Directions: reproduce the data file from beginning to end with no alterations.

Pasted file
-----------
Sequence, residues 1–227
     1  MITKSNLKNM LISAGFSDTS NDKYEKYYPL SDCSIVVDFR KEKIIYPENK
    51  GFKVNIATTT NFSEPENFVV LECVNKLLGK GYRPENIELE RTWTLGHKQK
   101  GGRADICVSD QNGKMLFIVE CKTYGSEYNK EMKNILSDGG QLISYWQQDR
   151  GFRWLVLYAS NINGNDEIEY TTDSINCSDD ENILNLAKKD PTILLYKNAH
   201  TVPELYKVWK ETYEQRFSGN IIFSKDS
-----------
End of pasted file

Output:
Sequence, residues 1–227
     1  MITKSNLKNM LISAGFSDTS NDKYEKYYPL SDCSIVVDFR KEKIIYPENK
    51  GFKVNIATTT NFSEPENFVV LECVNKLLGK GYRPENIELE RTWTLGHKQK
   101  GGRADICVSD QNGKMLFIVE CKTYGSEYNK EMKNILSDGG QLISYWQQDR
   151  GFRWLVLYAS NINGNDEIEY TTDSINCSDD ENILNLAKKD PTILLYKNAH
   201  TVPELYKVWK ETYEQRFSGN IIFSKDS